FREESTYLE skier Anna Vincenti has cancelled Christmas as she bids to realise her Olympic dream.
The 18-year-old will step up her Sochi 2014 aspirations this weekend when she flies to Colorado in the United States for six weeks, which will either make or break her hopes of competing at the Winter Olympics in February.
Having achieved an eighth-place finish in her first-ever World Cup event in New Zealand in August, a similar result in North America next month would go a long way to securing the former George Watson’s pupil one of two places available with the GB team bound for Russia in February.
“It’s kind of sad missing Christmas, but it’s just something you have to sacrifice,” Vincenti explained. “It’s that time of year when you spend time with your family, but I can have a Christmas dinner when I come home in January. If I get these results and I prove to the BOA (British Olympic Association) that I am capable then I stand a very good chance.
“I think another eighth place would probably secure my place, but we won’t know until the team is announced in mid-January. I have to be confident, but it’s quite scary thinking about the Games as they are coming up so fast – it would be awesome and such a great honour.
“New Zealand was big for me as well as I had something to prove. My coach (GB Freeski’s Pat Sharples) put all his faith in me and believed I could do really well. I was a bit of an underdog as it was my first World Cup, but these competitions in Colorado are huge for me. I’ve had a really busy year travelling, but it’s been great as I love going away. I’d never been to New Zealand before so that was a really good experience.”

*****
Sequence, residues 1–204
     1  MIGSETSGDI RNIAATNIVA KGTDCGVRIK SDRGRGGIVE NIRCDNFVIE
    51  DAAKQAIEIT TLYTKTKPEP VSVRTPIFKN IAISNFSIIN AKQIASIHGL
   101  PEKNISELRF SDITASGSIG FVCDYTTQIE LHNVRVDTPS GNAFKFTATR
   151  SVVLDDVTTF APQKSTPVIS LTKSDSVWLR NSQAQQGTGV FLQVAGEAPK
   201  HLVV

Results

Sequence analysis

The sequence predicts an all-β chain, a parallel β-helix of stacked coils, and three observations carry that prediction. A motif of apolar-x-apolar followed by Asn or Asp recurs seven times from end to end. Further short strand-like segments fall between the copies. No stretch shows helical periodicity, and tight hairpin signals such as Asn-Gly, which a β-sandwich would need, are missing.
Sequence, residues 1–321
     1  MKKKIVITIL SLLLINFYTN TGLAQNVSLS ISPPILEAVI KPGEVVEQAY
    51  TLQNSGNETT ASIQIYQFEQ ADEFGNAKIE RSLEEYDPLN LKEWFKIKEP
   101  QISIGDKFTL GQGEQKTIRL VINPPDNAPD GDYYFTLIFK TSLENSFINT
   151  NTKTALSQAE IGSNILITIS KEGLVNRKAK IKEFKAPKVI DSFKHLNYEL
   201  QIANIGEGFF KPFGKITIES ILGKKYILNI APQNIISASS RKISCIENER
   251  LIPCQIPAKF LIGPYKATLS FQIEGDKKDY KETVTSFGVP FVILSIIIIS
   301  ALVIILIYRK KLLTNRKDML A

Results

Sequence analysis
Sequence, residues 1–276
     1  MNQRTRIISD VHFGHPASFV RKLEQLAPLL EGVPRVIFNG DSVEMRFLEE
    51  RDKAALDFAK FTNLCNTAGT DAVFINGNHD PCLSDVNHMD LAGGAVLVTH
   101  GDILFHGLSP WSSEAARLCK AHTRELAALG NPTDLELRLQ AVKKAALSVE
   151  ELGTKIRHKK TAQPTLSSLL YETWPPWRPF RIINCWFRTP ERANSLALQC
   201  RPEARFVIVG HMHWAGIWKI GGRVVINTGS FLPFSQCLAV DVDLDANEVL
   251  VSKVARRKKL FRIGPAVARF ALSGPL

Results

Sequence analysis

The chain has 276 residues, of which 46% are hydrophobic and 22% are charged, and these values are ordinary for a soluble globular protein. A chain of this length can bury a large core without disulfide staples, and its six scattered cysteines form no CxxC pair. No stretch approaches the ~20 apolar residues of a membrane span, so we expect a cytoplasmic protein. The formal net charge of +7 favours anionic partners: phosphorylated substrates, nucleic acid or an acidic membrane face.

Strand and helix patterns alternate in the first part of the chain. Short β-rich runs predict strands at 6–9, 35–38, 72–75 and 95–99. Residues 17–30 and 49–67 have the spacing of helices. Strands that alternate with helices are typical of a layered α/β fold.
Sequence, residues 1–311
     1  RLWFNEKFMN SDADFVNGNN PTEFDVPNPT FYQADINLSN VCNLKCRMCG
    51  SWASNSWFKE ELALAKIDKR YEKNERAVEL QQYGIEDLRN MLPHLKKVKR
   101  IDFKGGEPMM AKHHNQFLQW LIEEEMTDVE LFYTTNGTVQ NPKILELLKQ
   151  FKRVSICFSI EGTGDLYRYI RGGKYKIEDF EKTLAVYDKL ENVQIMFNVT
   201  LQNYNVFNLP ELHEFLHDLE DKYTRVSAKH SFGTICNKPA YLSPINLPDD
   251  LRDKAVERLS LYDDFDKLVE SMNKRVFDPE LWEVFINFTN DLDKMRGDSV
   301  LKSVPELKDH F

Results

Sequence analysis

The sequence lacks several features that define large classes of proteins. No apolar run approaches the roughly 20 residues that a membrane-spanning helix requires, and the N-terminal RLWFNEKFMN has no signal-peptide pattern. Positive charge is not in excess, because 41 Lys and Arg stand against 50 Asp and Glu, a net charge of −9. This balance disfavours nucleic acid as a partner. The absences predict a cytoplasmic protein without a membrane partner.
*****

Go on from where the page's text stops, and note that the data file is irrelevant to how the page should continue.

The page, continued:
Vincenti admits, however, she endured a tough start to 2013 after damaging her knee on the slopes of Colorado before making her choice to switch from half pipe to slopestyle in order to enhance her Olympic credentials – a decision, she feels, may have been just in time.
She said: “I’ve changed my discipline this season as I wasn’t doing so well at half pipe.
“I had a competition in Colorado at the end of last year where I injured my knee, so I took a bit of time off the half pipe and just spent some time on the jumps. It’s so much more fun and it came really easy to me, so me and my coach sat down and said ‘Let’s try slopestyle’, which I am so happy about.
“With the half pipe, it’s all about just the one feature, whereas slopestyle you don’t actually know what the course is going to be until you turn up to train or compete. It could be two jumps and three rails or two rails and three jumps – you just don’t know.”
Vincenti has benefitted a great deal after being awarded a position on the Bank of Scotland Local Heroes Programme and speaks of her admiration and enthusiasm for what, she perceives, as being a vital component of her development, not only as an athlete, but as the young woman she is today.
She added: “Aside from the financial benefits, they’ve really helped build up my confidence speaking to people and I now feel I could go anywhere and talk about what I do. I’ve met a lot of really good people through the initiative as well.”
• Bank of Scotland Local Heroes, in partnership with SportsAid, has supported 170 of Scotland’s most talented developing athletes. As part of Bank of Scotland’s commitment to helping future sports stars prosper, the programme has continued in 2013. Follow future stars at www.bankofscotland.com/localheroes